Stated to play a "key role in the surge of married women into the workforce" was education and this because of: "...the increased number of jobs that demanded advanced education - health care..." is given as one example. These inequalities can be viewed in the financial arena clearly and for example in the banking function. Katz, Stern and Fader state: "Banking had been a traditional man's domain for two reasons, sex stereotypes about women's interests and mental capacities and the physical demands of the job:
Men handled financial matters because it was assumed that women were not interested in such activities and furthermore women's minds were incapable of and unaccustomed to what was referred to as, 'doing figuring' and making financial transactions. Since [the] early medium of exchanges included heavy gold and silver commodities as well as currency, women were presumably unable to handle such heavy items. Moreover, large posting and accounting books used in banking were presumed difficult for women to lift." (Jane E. Prather, 1971; as cited in Katz, Stern and Fader, 2005)
Katz, Stern and Fader (2005) state: "The historical record is clearer about how exploitation and opportunity hoarding shaped women's inequality in the twentieth-century than it is about the role of emulation and adaptation. Exploitation took various forms: rules that prohibited the employment of married women, actions by labor unions concerned with preserving male family wages, hegemonic cultural ideas that assigned married women to domestic labor while devaluing the kinds of market work they performed..." (Katz, Stern and Fader, 2005) Katz, Stern and Fader conclude by stating that powerful lessons may be found within this "history of the paradox of inequality." (2005) the most obvious is stated to be "access --political and civil citizenship -- is not enough. Access promotes individual and group interests but does little to diminish the structures of inequality.
Waters and Eschbach (1995) in the work entitled: "Immigration and Ethnic and Racial Inequality in the United States" relates that "The half century since the close of World War II has seen numerous changes to the face of racial and ethnic inequality in the United States, while the problem of inequality has endured. When Myrdal published an American (1944) the segregationism tolerated by Plessy v. Ferguson was the law of the land, and caste-like barriers separated black from whites." (Waters and Eschbach, 1995) it is additionally related by Waters and Eschbach (1995) that Scholars who study ethnicity are in general agreement that racial and ethnic categories are social constructions rather than natural entities that are simply 'out there' in the world." The most disadvantaged of major American ethnic categories on census measures of poverty and educational attainment is stated by Waters and Eschbach to be American Indians and they state that "...the persistence of the social significance of Native American ethnic category 500 years after Columbus' voyage is evidence that ethnic distinctions may in some cases be durable." (2005) the following chart is adapted from the work of Waters and Eschbach which lists the socioeconomic indicators by race in the United States.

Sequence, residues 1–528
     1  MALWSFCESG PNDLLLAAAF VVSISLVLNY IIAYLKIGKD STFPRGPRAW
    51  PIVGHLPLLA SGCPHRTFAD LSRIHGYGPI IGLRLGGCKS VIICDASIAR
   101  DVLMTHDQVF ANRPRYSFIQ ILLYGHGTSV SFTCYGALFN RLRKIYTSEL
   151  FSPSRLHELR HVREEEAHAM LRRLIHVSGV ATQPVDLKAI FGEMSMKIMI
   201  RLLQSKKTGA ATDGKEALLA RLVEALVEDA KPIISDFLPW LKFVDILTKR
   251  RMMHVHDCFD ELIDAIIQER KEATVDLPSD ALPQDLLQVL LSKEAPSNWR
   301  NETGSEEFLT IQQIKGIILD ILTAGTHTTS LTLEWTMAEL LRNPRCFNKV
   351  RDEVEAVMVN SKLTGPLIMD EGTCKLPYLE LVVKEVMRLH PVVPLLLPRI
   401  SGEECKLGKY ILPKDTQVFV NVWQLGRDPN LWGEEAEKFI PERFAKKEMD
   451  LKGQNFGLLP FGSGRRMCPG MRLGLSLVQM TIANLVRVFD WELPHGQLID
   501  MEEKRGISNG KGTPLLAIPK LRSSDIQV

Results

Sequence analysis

Selected socioeconomic indicators for groups in the United
Labor family persons in force
Ethnic racial groups income 1989 poverty participation (a) (%)
White not Hispanic
American Indian (b)
Persons 16 years and over in labor force.
Includes Eskimos and Aleuts.
Source: U.S. Census of Population, 1990, Social and Economic
Characteristics CP-2-1, Washington, DC, U.S. Government Printing
Office. 1993; as cited in Waters and Eschbach (1995)
The pattern of inequality has emerged in different ways for different ethnic categories and this due to the various histories of the group. (Waters and Eschbach, 2005; paraphrased) Waters and Eschbach state that economic growth "was a primary engine for improving the economic status of both blacks and whites from the depression through the early 1970s. Decompositions of changes in black-white differences show that the lion's share for the explanation for the narrowing of the wage gap for males is attributable to the narrowing in the education gap between blacks and whites, and to declines in the racial disparity in earnings as returns to schooling." (1995) Further, "the economic gap between blacks and whites seems unlikely to close soon because the American economy seems to have stalled well short of the mark that would allow full equality." (Water and Eschbach, 1995) the story about transformations concerning women is different from the story concerning the races even with black women who had "higher rates of labor force participation and employment than did white women."…[continue]